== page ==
She contacted the Washington Post through a tip line in early July when it became clear that Kavanaugh was on a short list of nominees to replace the retiring Justice Anthony Kennedy. But the Post, which has a rather rigorous process for vetting claims of sexual assault, declined to act on the tip when Ford refused to speak on the record about the alleged assault.
So Ford tried something different: in late July she contacted her congresswoman, Democrat Anna G. Eshoo, and sent a letter via Eshoo’s office to Sen. Dianne Feinstein, the ranking Democrat on the Judiciary Committee. She signed her name to the letter, but indicated that she expected her story to be kept confidential.
Many Republicans are now criticizing Feinstein for sitting on the letter for months and only bringing it to light after Kavanaugh’s confirmation hearings. But it’s more likely that Feinstein was suppressing the letter, not sitting on it. Although Feinstein and other Democratic Senate leaders would never admit it, they must have known that an anonymous and unverified—and likely unverifiable—accusation like Ford’s would not withstand scrutiny because, after all, this is the U.S. Senate, not a campus kangaroo court.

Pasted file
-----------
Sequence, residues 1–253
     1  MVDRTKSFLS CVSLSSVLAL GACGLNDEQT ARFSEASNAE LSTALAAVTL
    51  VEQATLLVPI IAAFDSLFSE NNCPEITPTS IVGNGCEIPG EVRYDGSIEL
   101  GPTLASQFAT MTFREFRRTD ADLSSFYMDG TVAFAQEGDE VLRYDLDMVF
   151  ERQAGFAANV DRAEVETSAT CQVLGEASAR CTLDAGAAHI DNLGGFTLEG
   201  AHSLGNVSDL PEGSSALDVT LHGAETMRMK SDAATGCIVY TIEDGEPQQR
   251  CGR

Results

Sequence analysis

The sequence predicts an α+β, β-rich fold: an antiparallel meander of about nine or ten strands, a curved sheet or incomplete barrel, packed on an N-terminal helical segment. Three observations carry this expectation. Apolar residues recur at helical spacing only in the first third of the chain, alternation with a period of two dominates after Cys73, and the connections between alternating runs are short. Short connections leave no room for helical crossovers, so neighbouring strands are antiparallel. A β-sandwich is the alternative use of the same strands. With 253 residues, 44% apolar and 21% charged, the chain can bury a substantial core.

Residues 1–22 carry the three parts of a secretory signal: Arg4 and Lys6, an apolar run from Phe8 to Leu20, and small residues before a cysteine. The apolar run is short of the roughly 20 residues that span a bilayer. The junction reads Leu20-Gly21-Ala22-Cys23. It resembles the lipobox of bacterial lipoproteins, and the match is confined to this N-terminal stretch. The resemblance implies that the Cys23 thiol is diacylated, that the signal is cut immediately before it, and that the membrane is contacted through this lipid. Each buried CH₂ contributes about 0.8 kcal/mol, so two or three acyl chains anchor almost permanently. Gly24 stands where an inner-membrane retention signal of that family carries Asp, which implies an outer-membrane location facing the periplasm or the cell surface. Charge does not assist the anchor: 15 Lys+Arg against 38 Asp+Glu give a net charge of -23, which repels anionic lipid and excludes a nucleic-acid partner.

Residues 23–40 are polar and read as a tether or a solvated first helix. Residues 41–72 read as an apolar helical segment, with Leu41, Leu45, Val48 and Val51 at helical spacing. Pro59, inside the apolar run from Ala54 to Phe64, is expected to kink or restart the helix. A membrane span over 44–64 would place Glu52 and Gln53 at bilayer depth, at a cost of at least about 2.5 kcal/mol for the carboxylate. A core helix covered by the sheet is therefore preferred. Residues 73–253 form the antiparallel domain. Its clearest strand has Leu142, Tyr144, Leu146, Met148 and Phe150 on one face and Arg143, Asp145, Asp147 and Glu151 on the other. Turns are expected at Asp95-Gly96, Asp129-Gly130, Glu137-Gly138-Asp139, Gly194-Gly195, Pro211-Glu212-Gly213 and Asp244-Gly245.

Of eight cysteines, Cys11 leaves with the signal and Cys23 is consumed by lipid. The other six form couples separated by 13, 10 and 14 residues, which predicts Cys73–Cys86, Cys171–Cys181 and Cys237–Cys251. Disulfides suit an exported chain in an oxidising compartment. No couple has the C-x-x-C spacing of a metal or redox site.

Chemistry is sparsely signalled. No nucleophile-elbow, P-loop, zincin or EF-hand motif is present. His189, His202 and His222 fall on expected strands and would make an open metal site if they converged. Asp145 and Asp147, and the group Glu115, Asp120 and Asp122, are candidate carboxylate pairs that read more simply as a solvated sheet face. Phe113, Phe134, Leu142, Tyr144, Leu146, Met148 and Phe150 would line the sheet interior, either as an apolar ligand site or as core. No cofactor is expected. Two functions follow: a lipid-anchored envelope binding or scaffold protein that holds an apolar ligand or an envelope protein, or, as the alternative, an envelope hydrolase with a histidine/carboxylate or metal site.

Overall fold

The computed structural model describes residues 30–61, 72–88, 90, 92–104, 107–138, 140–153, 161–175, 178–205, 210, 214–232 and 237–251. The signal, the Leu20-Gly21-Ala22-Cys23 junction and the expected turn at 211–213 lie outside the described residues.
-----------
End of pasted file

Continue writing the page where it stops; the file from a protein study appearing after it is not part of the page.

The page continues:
Ford retained a Washington lawyer in early August, took a polygraph test, and eventually shared the results with the Post, which reported that the test concluded Ford was being truthful about her accusation against Kavanaugh. Still, she didn’t come forward. According to an interview with the Post, Ford had decided by late August not to come forward because it would upend her life and might not affect Kavanaugh’s confirmation.
But then the existence of Ford’s letter to Feinstein was leaked to the Intercept last week, and Feinstein was put in the unenviable position of having to acknowledge that she had had the letter for weeks, had done nothing about it, and would respect the accuser’s anonymity even as she “referred the matter to federal investigative authorities.”